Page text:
ARCHIVES: This is legacy content from before Sustainable Cities Collective was relaunched as Smart Cities Dive in early 2017. Some information, such as publication dates or images, may not have migrated over. For the latest in smart city news, check out the new Smart Cities Dive site or sign up for our daily newsletter.

What Bus Rapid Transit Is and What It Isn't

It isn't too often that mayors of North American cities travel to South America to admire urban planning models. There is one notable exception, and that is Curitiba, Brazil, where forty years ago a new vision for urban mobility was created, revamping the private bus chaos that dominates many South American big cities.

I like the Curitiba example especially, for it was invented by an architect who, once he was elected mayor, immediately began to think outside the box.

He watched the clogged major arteries leading in and out of his rapidly growing mega city, the foul air and the many carless urban poor that couldn't get anywhere, and decided that something needed to be done that was fast, relatively cheap and system-wide. Unlike the one shiny subway line that Chile's Santiago boasts, he gave his Curitiba a whole system of fast buses that operate like trains all across town.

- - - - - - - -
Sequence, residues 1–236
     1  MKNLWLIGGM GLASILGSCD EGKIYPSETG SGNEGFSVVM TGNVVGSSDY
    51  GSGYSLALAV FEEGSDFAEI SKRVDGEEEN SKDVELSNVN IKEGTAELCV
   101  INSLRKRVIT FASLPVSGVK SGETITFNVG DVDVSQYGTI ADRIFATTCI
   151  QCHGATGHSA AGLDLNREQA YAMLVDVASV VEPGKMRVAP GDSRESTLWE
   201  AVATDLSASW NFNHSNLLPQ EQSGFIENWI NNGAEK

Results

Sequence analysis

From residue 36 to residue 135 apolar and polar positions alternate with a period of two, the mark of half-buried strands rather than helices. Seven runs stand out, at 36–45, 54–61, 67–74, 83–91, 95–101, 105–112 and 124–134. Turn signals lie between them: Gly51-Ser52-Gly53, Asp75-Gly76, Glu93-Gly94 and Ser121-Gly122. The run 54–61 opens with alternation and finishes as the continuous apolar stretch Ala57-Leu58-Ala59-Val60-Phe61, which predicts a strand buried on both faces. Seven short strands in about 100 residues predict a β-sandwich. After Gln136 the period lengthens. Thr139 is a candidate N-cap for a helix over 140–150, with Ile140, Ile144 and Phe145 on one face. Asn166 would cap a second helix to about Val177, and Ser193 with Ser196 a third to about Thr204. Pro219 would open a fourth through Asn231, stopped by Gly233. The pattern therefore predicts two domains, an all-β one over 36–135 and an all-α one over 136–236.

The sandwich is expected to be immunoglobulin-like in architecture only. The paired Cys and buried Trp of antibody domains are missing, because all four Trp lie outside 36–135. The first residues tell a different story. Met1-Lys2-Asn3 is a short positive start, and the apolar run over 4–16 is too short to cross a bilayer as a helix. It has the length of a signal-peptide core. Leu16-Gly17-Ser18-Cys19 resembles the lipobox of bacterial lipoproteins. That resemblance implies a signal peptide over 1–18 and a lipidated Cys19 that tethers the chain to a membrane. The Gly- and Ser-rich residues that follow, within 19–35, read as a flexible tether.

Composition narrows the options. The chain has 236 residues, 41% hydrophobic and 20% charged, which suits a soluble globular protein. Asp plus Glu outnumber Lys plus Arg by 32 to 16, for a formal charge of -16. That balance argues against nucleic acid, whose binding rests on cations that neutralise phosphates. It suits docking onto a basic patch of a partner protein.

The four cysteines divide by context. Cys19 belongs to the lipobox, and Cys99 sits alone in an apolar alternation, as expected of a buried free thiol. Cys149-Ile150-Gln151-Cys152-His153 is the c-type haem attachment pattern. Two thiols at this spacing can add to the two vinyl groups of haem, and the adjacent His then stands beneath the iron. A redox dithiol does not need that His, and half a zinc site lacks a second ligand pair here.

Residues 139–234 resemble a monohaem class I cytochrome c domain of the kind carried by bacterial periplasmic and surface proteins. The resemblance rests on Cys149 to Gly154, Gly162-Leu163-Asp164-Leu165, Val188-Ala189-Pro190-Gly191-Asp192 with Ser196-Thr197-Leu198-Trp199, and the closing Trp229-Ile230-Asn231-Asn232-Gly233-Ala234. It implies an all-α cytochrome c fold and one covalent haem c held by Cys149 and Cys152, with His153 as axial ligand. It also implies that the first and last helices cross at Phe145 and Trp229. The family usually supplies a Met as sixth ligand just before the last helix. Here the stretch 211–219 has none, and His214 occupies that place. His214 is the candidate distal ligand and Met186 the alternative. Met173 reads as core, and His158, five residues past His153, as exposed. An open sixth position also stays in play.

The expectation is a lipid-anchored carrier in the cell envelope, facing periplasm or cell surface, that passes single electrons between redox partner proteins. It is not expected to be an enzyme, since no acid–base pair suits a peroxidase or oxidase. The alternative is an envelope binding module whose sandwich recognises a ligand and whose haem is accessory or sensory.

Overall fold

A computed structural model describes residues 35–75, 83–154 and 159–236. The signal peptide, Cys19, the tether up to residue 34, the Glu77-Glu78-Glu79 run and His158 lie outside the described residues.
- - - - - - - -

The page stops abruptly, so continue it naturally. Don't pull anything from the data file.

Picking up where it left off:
More or less overnight. Nobody had seen such drastic repossession of streets before. Even the buses were unheard of with their double articulation (two accordion elements) and some extra doors. Jamie Lerner and his creative transit planners left nothing untouched that could make the good old bus more efficient: of course the buses had their own lanes and signals (many other cities had that already in place, at least sporadically).

But nobody had before tried bus boarding from elevated platforms, or selling bus tickets in advance of boarding, restricting entrance to the waiting areas to those with tickets like a subway station, elegantly eliminating bus stop loitering. (At the time low floor buses didn't exist yet and lots of time was wasted with people stepping up and down the three steep steps or deploying ramps for handicap access).